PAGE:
A pool filter should be run for a minimum of 6 hours after shocking a swimming pool. This is to allow the filter to clean the water and give the shock enough time to fully mix with the pool water. Running the filter after shocking for 24 hours to 7 days is necessary if the pool has a large amount of algae.
Vacuuming After Shock
Shock the pool with either the liquid or granulated chlorine shocks. Let the filter run for 24 hours before adding any other chemicals. You should see a noticeable difference the next day in the water clarity.
Give the shock a good 12 to 24 hours to work it's magic. If the algae hasn't cleared up after 24-48 hours, clean and brush the pool and add another shock treatment.
It's usually just a temporary reaction as the sanitizer works its magic, and doesn't always indicate a problem. But if the cloudy water persists long after you've shocked the pool, you're likely having an issue with water balance, circulation, or filtration.
After the pool shock is added, pool toys and accessories can also be thrown in for decontamination. Never add pool shock directly to the skimmers. Keep the pool uncovered until chlorine levels return to normal. NEVER swim before checking to make sure the chlorine levels are at 3 ppm or less.
It is critical to understand that using pool shock and algaecide together can cause bad chemical reactions if the necessary precautions are not taken. Since your chlorine levels will not return to normal right after you shock your pool, we recommend waiting at least 24 hours to add algaecide.
Best Time to Shock Your Pool
The best time of day to shock pool is when the sun is down. So, experts recommend shocking your pool in the evening or at night, to make sure it does its job. Shocking during the day can be ineffective as UV rays from direct sunlight significantly reduce free chlorine levels.
Vacuuming After Shocking
However, after shocking the pool, you shouldn't vacuum for at least 24 hours. Running the water pump during this period will allow the shock to do its job.
It's pretty tough to over-shock your pool; shocking your pool two days in a row with the proper dosage for your pool volume shouldn't be a problem – and in fact, is sometimes even needed to rid your pool of algae and other contaminants.
Before you start pouring shock in the pool, the first step is to brush the sides and floor of your pool to loosen all the algae. Doing this breaks the skin and allows the pool shock to more easily kill the algae. Once you've done this, it is important to make sure you have the proper pH level in your water.
Shock is chlorine, in a high dose, meant to shock your pool and raise the chlorine level quickly. Chlorine tabs (placed in a chlorinator, floater, or skimmer basket) maintain a chlorine residual in the water. You do need to use both tabs and shock.
Adding chlorine besides the shock can increase the chlorine content in the water which can make the entire shocking process useless. Hence, it is better if you don't use the shock and chlorine at the same time. The best time to add chlorine to the pool water is after you have shocked the pool.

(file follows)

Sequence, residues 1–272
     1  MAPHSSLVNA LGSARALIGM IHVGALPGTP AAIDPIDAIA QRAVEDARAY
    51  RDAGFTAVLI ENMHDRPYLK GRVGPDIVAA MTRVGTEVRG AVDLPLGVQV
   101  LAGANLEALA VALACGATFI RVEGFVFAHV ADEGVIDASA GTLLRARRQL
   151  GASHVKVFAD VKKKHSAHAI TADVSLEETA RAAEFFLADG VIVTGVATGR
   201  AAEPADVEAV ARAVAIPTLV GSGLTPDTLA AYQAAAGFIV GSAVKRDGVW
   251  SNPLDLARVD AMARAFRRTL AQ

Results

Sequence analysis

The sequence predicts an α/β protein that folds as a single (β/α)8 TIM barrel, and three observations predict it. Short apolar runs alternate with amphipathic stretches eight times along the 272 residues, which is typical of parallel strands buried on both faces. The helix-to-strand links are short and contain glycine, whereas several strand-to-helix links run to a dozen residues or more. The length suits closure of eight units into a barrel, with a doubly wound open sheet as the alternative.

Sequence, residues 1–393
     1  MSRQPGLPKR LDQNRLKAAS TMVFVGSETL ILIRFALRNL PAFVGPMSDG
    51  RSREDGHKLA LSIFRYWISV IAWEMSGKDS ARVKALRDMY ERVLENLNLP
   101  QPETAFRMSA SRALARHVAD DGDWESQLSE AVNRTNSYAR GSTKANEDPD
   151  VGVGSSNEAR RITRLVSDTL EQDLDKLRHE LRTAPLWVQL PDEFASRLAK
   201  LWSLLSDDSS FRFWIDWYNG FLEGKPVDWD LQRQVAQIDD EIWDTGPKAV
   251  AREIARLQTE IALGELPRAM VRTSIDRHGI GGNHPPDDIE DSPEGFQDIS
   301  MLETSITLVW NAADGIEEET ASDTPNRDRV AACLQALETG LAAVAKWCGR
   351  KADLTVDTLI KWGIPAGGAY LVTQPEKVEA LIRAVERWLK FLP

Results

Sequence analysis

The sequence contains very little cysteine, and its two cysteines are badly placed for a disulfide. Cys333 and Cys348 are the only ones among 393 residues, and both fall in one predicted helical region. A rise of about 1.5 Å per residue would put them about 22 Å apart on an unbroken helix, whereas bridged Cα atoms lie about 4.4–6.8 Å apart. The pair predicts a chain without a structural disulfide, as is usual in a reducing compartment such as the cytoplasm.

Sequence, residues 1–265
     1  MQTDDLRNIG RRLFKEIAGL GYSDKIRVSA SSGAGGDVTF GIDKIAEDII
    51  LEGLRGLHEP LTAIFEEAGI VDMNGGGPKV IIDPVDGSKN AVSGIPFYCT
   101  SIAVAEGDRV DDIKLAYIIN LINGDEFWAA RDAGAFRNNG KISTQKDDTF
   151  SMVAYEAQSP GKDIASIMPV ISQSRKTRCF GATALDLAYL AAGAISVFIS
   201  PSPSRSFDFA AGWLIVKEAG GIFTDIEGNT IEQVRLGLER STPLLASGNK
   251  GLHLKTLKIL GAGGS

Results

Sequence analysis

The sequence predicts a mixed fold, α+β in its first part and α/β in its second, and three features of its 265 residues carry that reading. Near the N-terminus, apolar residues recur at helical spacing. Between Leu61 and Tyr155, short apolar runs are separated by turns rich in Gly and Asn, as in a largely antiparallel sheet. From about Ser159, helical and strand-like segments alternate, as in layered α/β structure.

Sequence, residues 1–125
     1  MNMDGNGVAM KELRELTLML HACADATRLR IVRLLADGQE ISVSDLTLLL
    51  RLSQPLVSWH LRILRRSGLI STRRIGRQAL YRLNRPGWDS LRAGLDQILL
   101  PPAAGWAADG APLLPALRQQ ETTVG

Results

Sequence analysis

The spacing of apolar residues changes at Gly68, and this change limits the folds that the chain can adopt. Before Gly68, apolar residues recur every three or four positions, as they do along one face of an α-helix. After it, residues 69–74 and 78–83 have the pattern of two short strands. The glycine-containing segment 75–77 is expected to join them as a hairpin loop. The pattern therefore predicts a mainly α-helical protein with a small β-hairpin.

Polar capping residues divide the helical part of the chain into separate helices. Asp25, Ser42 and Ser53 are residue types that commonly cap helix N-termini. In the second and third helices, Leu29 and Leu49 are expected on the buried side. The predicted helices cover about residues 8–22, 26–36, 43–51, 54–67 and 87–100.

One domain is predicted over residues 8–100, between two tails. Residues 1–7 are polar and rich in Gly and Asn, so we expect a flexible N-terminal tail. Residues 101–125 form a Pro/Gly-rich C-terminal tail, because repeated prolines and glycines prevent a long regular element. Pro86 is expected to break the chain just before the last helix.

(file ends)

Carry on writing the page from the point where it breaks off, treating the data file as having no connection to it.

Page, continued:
How Often Should I Shock My Pool? Shocking your pool regularly will help to keep the water clean and free of contaminants. You should aim to shock your pool about once a week, with the additional shock after heavy use. Some tell-tale signs that your pool needs to be shocked are cloudy, foamy, green, or odourous water.
For the most part, yes. It can be unattractive and it should be addressed, but it is mostly safe to swim in cloudy water. The only exception would be if the pool is cloudy because there are too many chemicals in it. This pool water would be unsafe to swim in and should be avoided.
Pool water turns green because of algae in the water. Algae can grow rapidly, particularly when it's warm like Summer, which is why it can surprise you overnight. This generally comes down to an imbalance or lack of chlorine in the water.
Shock has a more intense chemical strength than the traditional chlorine sanitizers, and it also differs in how you should apply it to your swimming pool. Short answer: No. Chlorine sanitizers and shock are similar but different in strength.
A fiberglass pool in its worst condition can be algae-free in 24 hours. For a vinyl liner pool, the process can take 3-4 days. For a concrete pool, this can take a week or more.
Pre-Dissolve Pool Shock
If you need to dissolve the shock first, fill your bucket roughly ¾ full with warm water. Add the shock to the bucket, and slowly stir until the chemical is as dissolved as possible.
Despite how it sounds shocking a pool has nothing to do with electricity or with revealing something completely unexpected. Shocking is the process of adding chemicals (usually chlorine) to your pool to: break apart chloramines, also known as combined chlorine. quickly raise your chlorine level.
It's recommended that you should do a pool shock once a week. The more you use the pool, the more often you need to shock it. Occasionally, you may need to perform an extra pool shock after: Heavy pool use, like a pool party.
Chlorine, either solid or liquid, is a pesticide used in pools to destroy germs, including those from feces, urine, saliva and other substances. But excessive exposure to chlorine can cause sickness and injuries, including rashes, coughing, nose or throat pain, eye irritation and bouts of asthma, health experts warn.